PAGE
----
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Supreme Courtship


Supreme Courtship

The American fascination with the law and all it encompasses is
amazing. Surf your cable system on any weekday afternoon and you
will find countless courtroom soap operas, where judges both real
and pseudo preside over disputes that must be factual because no
one can make up those tales. More Americans recognize Judge Judy
and the now-retired Judge Wapner than John Roberts, the Chief
Justice of the United States. Our national obsession with legal
matters serves as the backdrop for SUPREME COURTSHIP, Christopher
Buckley’s wry and occasionally humorous take on national
politics viewed through the prism of the U.S. Supreme Court.

President Donald Vanderdamp is the most unpopular national
leader since the Articles of Confederation. Things are so bad that
a national effort has been undertaken to amend the Constitution to
limit the President to one term. As the movement grows, Vanderdamp
is confronted with a vacancy on the Supreme Court. The Senate, led
by Vanderdamp’s arch nemesis Dexter Mitchell, rejects two
qualified nominees using any reason they can find. One fails to
clear the Judiciary Committee because in grade school he did not
appreciate the genius of TO KILL A MOCKINGBIRD.

The President plots his revenge and chooses Pepper Cartwright,
the star of America’s favorite courtroom drama,
“Courtroom Six.” Buckley’s portrayal of
Cartwright is clear to anyone with eyes and ears; she is a
glamorous version of Judge Judy, who, by the way, served as a trial
court judge in New York before becoming America’s best-known
judge. Senator Mitchell and his fellow solons are flummoxed. The
nation will not tolerate denying a seat on the Supreme Court to the
host of its favorite courtroom show. Democracy often works in very
strange ways.

Buckley spends a great part of SUPREME COURTSHIP in the august
chambers of the Supreme Court. His humor is anything but subtle;
indeed his favorite comedians certainly must include The Three
Stooges. The participants in Justice Cartwright’s first oral
argument throw around legal maxims and phony legal precedents in
the same fashion as the Stooges threw around malapropisms. At least
none of the Justices slap the attorneys and holler “nyuk,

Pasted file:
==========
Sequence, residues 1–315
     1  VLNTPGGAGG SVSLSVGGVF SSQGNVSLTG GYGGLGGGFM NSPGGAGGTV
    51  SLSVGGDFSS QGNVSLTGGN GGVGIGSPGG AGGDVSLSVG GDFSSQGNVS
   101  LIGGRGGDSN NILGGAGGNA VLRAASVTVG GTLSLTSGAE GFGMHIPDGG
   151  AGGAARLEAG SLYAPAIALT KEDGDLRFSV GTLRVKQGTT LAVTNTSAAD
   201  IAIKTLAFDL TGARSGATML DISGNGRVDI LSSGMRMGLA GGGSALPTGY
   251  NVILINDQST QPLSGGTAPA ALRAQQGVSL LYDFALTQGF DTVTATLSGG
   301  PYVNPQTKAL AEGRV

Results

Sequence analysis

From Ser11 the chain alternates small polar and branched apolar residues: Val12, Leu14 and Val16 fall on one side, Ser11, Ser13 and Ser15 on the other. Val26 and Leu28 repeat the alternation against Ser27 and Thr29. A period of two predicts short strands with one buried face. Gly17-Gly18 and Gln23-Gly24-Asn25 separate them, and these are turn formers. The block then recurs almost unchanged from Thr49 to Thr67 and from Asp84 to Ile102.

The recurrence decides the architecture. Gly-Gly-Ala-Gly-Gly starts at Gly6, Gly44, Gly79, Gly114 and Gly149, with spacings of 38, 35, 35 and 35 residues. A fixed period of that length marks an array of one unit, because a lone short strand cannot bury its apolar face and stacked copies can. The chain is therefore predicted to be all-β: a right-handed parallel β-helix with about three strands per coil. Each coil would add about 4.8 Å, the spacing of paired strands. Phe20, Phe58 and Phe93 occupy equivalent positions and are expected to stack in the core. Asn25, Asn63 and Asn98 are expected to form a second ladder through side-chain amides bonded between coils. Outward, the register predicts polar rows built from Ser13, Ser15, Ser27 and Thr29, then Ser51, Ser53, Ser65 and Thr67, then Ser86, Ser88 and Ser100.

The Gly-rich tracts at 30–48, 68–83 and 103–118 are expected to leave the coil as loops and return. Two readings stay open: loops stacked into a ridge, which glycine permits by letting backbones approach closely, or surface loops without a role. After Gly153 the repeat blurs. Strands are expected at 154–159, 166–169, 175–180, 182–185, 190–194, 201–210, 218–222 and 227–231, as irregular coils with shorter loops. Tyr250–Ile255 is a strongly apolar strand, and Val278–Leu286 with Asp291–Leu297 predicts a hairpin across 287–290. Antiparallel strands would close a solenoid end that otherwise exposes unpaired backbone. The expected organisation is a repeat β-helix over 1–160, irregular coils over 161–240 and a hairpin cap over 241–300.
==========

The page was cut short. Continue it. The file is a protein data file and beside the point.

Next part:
nyuk, nyuk.”

Buckley certainly loves to skewer the Washington political
scene, and he has the background for the task. He wrote speeches
for the first President Bush and is the son of conservative icon
William F. Buckley Jr. Readers would need to be brain dead not to
recognize Justice Silvio Santamaria as anyone but Justice Antonin
Scalia. While most of the other characters are not so easily
recognizable, it is because they are more of a mix of the media and
political types that populate our nation’s capital.

Two parallel plots move SUPREME COURTSHIP through its satirical
view of national politics. On one hand, we find Justice Cartwright
and her work on the Supreme Court. With the exception of the
aforementioned Justice Santamaria, none of the other members of the
Court are easily identifiable. They do, however, share some similar
foibles to Clarence Thomas, Warren Burger and other well-known
justices. The second plot involves the re-election campaign of the
unpopular President Vanderdamp, who, because he does not want to be
President, becomes quite popular with the American electorate. Go

All in all, SUPREME COURTSHIP has some funny and prescient
moments. It’s not drop-dead, laugh-out-loud satire, but
it’s entertaining and the kind of book political and legal
junkies may well enjoy. In this time of bitter partisanship, maybe
we should all just enjoy a little levity about our politics.
Perhaps, like Christopher Buckley, we should not take things too

Reviewed by Stuart Shiffman on January 23, 2011

Supreme Courtship
by Christopher Buckley

  • Publication Date: September 3, 2008
  • Genres: Fiction
  • Hardcover: 285 pages
  • Publisher: Twelve
  • ISBN-10: 0446579823
  • ISBN-13: 9780446579827